flash wrote:Assuming the atmosphere extends to 100 miles, a vertical dive at 60,000 mph gives only 6 seconds to vaporize before it hits the surface. That doesn't seem to be a lot of time. But then the energy is proportional to v2 and 60,000 squared is a big number.
Exactly. The huge forces mean there's no way for a body traveling at (a relatively slow) 27 km/s to maintain that speed in the atmosphere. So the actual descent time becomes much longer than 6 seconds. It need not vaporize all at once; more likely is that it will break up into many small pieces, which either burn up or slow down and survive as meteorites (which land without any of the original velocity).
A 1-meter diameter meteoroid traveling 27 km/s experiences a drag force of more than 800,000 N at a height of 50 km. If it's stony, that's an acceleration of -50 G. That's enough to start breaking up most meteoroids. If a body somehow survived with that size and speed to 30 km, the acceleration increases to over 700 G. Even iron bodies will break up under those conditions.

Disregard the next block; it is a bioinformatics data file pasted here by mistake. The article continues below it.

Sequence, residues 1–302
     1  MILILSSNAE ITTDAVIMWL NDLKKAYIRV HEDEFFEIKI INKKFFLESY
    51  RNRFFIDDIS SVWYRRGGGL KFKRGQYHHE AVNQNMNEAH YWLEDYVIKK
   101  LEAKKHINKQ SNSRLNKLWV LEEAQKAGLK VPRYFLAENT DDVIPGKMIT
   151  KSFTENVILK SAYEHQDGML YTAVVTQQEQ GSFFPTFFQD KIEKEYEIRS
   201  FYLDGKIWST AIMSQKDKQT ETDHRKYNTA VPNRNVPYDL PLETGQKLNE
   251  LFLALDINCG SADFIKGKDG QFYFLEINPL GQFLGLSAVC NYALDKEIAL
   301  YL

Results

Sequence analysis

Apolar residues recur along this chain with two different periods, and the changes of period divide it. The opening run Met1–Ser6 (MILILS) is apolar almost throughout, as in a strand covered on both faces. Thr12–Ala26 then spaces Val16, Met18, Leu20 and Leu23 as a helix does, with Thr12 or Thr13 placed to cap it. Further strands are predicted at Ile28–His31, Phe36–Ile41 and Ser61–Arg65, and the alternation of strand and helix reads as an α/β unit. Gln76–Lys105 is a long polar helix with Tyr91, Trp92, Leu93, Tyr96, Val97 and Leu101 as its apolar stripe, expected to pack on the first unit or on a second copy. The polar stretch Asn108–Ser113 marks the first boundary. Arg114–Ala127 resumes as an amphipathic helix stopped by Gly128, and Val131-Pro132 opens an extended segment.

Why is it that coming in at 60,000 mph horizontally (rather than vertically) make it more likely to survive? Doesn't that just give the energy more time to act?
Because it spends more time in the upper atmosphere, slowing down without encountering the destructive forces (as above) created by moving fast in thicker air. Remember it's that v2
term that dominates. If you can reduce v before the body descends into the deeper atmosphere, it's more likely that material will survive. The meteors that are observed to produce meteorites are usually slow to begin with (~20 km/s) and enter at a shallow angle. They need to be large enough that they can lose 90% or more of their mass to ablation and still leave something behind, but not break apart (or not break apart while still moving very fast) and lose all their mass in a nearly instantaneous burst of ablative loss.